St. Maximus’ keen mind was illuminated through his ascetic struggles, and he wrote extensively about the spiritual life based in the writings of those who had gone before and his own experience of those truths. But in 634, through his association with St. Sophronius, Patriarch of Jerusalem, St. Maximus was enrolled in the struggle against the Monothelite heresy, which taught that Jesus Christ had had only one will—a divine one. But for Christ to lack a human will was to render Him less than fully human. The consequences of this were not merely academic, for as St. Gregory the Theologian had taught, “What is not assumed is not healed.” If Christ had not assumed a human will, then man’s will was not healed by Christ—and it was man’s will above all, perhaps, that needed to be healed. Man could not be saved if Christ lacked a human will. For the rest of his life, and sometimes nearly alone, St. Maximus eloquently defended Christ’s full divinity in the face of political pressure, heretics, and wavering churchmen. He was tried by imperial authorities, condemned, and exiled three times: in 655, 656, and finally, in 662. The last time, his right hand and his tongue, the instruments of his teaching, were cut off. He died in exile shortly afterwards at Tsageria, Georgia, on August 13, 662.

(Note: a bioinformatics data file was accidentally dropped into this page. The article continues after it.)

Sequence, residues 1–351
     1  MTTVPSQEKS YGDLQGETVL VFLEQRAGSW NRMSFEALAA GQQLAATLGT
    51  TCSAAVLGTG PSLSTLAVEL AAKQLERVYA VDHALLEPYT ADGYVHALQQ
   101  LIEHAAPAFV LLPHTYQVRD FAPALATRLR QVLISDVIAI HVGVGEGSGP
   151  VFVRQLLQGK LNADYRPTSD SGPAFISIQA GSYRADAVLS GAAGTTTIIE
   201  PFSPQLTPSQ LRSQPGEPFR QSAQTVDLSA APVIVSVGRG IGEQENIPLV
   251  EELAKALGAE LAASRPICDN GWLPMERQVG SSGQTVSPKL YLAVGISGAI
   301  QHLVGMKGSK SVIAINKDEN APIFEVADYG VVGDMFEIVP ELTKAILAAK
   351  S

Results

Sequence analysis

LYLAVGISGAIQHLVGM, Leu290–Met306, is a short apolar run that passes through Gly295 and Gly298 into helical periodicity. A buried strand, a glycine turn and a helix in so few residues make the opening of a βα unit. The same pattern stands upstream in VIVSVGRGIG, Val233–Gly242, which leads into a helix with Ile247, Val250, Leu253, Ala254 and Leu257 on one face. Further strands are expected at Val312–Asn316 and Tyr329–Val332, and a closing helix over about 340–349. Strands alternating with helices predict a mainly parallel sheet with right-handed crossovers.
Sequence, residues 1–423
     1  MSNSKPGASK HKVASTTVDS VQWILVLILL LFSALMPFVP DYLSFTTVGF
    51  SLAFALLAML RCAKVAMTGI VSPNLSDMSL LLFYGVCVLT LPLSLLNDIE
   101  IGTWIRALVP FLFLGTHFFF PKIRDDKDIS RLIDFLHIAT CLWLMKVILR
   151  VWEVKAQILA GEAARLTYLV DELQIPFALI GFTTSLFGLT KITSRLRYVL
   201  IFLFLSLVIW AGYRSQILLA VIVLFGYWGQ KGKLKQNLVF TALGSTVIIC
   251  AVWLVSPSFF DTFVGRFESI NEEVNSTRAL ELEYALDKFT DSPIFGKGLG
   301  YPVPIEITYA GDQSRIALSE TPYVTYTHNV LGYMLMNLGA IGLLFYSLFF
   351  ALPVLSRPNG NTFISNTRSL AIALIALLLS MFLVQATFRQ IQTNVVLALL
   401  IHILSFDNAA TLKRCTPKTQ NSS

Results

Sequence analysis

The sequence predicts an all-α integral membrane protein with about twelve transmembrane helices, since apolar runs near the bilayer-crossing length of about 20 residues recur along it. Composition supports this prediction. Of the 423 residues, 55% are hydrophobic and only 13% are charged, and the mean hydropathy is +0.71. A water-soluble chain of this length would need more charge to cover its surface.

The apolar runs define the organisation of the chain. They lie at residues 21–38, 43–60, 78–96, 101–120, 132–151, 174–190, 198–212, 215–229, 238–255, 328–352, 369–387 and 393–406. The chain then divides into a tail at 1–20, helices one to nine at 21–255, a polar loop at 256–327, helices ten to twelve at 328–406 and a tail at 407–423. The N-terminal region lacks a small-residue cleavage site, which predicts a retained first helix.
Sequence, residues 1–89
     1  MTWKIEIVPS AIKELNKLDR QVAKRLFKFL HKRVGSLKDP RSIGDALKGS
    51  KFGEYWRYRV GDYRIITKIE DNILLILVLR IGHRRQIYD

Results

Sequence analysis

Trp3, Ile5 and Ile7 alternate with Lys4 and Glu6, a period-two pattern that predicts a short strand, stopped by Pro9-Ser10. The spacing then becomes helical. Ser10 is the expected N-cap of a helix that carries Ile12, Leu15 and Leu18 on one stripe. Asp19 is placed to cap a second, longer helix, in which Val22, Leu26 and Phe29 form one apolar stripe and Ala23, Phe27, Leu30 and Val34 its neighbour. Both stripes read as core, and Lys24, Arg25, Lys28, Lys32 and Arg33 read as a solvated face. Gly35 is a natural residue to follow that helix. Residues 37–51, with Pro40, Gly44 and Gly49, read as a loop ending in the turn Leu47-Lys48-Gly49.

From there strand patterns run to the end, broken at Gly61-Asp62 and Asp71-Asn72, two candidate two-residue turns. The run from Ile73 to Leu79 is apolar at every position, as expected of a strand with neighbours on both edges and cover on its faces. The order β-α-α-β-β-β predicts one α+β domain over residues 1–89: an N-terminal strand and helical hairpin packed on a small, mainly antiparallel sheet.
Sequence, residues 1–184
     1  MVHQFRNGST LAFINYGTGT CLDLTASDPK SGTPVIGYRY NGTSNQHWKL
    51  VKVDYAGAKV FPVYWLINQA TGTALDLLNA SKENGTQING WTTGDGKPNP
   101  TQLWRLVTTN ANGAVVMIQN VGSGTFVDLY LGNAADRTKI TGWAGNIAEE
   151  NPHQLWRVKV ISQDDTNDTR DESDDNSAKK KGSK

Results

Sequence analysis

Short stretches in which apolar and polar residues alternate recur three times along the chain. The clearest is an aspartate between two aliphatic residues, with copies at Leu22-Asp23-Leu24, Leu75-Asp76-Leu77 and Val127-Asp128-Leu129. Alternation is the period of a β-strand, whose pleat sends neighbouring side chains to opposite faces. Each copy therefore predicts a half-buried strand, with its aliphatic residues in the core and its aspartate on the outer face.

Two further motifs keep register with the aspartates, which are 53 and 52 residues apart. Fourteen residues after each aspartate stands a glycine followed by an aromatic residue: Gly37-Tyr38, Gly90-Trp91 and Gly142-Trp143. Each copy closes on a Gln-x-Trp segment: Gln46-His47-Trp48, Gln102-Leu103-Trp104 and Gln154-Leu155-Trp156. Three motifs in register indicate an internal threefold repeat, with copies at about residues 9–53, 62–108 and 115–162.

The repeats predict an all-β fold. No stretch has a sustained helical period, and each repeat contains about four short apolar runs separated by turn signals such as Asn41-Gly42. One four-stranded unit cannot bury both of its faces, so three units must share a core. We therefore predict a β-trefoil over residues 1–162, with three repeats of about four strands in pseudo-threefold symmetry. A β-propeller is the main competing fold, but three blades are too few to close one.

St. Maximus bears the titles “venerable” and “Confessor”. “Venerable” (prepodobnii) is the title given to monastic saints. “Confessor” (ispovednik) is the glorious title given to a saint who has been persecuted and has suffered for the Faith.

One of the Church’s most profound theologians, St. Maximus possessed equally profound insight into the spiritual life which he acquired through his practice of it. True Christian life always consists both of believing and confessing the right doctrine as well as doing the right things or living the right way. In his writings, the intimate relation between theology and spirituality is manifest. Christian spirituality (how one approaches and interacts with God) depends on Christian theology (what is said about God). If the Church’s confession of who God is, and especially, who Jesus Christ is, becomes corrupt or distorted, it cannot but have a corrupting influence on spiritual life.